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I have a backlog of blog posts (backblog?) that have never been completed and it’s bumming me out. I still want to share the content, so I’ll be publishing under the heading of Wayback Wednesday for these posts.
Several years ago, I posted on Twitter that I liked a hand-carved wood bone folder made by Randy Arnold. I received a wonderful response from Todd Sanders who offered to make me one. I was so touched by his generosity that I decided to make him a bone folder book in return.
The cover is bookboard covered with several layers of Kinwashi tissue. The pages are made from French Paper Speckletone True White text. It was bound using a double-needle coptic stitch with 4-ply waxed linen thread.
This book was a serious undertaking – it had 27 signatures. It was supposed to have 30, but I ran out of thread. To shape the pages, I created a template out of bookboard and traced around it with my knife. I had some major hand pain after all the cutting!
After spending hours on the binding, I briefly considered keeping the book for myself. Then I got over my crazy self and remembered the reason why I made the book. I know that Todd is giving my book a good home!
I have had this stack of leather pieces forever. I don’t even remember when or why I bought them. I think they came from Ebay.
They’ve been sitting in a box, just waiting to be used. Well, I finally got the motivation to do something with them – I decided to try making a coptic journal with leather covers.
I haven’t seen many journals made with soft leather covers and perhaps there’s a reason for that. This leather is on the thick side, so I thought it might work.
I lined the suede side of the leather with lokta paper. I love lokta because it’s strong and has a fabric-y feel to it.
Next I punched holes in my pages.
I used my Dremel with a small drill bit to create the holes in my cover. I’m not sure why I didn’t just use my Japanese screw punch. The Dremel worked great – it made clean holes.
Then came the sewing – a two-needle coptic stitch. Attaching the cover took a while because it was floppy. I found it easier to sew the book when I had it resting on a piece of bookboard – it helped to keep the cover stable.
Overall, I’m happy with how it turned out. It feels really great in your hands – the covers are nice and soft.
I going to try making another one using vintage atlas pages for the inside of the covers – I’m curious how they’ll hold up as the paper isn’t as soft as lokta.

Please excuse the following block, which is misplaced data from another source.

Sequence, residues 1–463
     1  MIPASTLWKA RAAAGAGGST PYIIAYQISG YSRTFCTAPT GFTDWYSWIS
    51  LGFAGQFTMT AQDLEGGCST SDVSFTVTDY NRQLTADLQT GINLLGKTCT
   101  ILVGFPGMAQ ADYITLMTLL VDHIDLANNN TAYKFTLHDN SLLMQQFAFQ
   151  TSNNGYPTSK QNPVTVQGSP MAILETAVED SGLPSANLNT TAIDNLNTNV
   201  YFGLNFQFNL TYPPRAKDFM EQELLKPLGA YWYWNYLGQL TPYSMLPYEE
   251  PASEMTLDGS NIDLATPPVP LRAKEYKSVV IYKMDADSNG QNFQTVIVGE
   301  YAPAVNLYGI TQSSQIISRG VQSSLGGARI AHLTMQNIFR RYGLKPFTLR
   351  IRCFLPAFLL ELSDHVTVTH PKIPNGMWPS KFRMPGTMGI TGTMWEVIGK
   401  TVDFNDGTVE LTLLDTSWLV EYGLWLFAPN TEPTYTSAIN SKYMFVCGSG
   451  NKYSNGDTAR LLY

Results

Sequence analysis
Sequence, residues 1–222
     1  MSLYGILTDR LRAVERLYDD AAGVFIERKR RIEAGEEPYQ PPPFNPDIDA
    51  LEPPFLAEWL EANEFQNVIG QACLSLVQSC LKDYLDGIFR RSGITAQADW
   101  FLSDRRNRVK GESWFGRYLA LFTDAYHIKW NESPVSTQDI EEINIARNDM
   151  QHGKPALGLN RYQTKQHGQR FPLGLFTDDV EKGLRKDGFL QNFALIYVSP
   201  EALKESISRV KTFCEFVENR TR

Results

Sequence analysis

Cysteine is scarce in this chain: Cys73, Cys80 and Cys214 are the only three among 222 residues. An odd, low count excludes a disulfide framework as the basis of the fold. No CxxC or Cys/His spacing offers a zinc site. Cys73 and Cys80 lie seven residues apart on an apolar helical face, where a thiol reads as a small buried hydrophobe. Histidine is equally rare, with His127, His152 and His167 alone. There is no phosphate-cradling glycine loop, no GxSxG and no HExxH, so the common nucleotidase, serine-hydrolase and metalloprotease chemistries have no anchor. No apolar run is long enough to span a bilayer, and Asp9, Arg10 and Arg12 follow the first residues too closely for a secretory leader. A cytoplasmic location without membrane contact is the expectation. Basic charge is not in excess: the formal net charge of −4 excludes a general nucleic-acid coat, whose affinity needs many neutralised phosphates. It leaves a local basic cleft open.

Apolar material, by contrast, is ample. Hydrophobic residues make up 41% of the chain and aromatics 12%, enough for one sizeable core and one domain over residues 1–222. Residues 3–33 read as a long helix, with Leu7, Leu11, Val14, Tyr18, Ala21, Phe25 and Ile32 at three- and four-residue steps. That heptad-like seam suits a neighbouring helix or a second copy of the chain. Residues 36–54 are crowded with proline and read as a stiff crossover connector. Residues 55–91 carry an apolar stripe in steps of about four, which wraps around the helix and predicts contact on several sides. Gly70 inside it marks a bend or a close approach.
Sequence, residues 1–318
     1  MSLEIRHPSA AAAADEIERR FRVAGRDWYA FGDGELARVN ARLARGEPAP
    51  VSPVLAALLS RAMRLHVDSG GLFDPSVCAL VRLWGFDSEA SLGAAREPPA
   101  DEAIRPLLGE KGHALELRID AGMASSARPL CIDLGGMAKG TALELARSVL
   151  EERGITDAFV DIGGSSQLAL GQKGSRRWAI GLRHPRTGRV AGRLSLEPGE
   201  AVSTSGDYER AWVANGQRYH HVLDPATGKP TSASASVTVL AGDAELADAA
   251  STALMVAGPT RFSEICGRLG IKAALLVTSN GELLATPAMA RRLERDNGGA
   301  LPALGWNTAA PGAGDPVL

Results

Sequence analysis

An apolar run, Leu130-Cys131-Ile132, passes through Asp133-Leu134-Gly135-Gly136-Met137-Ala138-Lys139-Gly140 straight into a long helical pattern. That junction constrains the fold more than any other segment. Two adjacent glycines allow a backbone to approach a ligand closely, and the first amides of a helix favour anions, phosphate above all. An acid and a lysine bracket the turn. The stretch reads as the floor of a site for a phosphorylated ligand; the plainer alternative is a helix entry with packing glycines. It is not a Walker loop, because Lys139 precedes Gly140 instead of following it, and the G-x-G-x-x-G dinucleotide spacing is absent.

I’ve probably mentioned before that I’m totally addicted to Pinterest. I have over 200 boards. It’s a problem. Is it really? Yes. And no.
Most of my boards are (surprise!) bookbinding-related. As a teaching artist, I have a strong interest in teaching bookmaking to children. I’ve been collecting my findings on a Pinterest board specific to the topic:
While searching for online resources about teaching kids, I discovered Clare Seccombe, a teacher from England. She loves to use mini books in the classroom and has many tutorials listed on her website. She has done a great job of adapting the simple mini book form for use with varied subject matter.
Another advocate of teaching bookmaking to kids is Susan Kapuscinski Gaylord. She offers tips for both teachers and families on how to get children involved in the book arts. Her blog is a great inspirational resource and she often talks about her work with children. And if that’s not enough, she also has a number of publications available – they are available for purchase from her Etsy shop. And there’s more…you can download (for free!) a copy of Susan’s Recycled Materials for Making Books on Lulu.
Cathy Miranker and Susie Peyton of the website Bookmaking with Kids have the following to say about making books with kids:
A book made by hand is the perfect meeting place for artistic expression and emerging literacy. Bookmaking unlocks something amazing in kids—creativity, enthusiasm, a zest for learning, concentration, patience, imagination and lots of talent. It lets kids forge a personal connection to reading, to writing, to making art.
Their website is a treasure! They blog about book arts projects that are appropriate for specific age ranges/grade levels. They also post about different book structures that often include tutorials or downloadable instructions. They are very generous with their knowledge!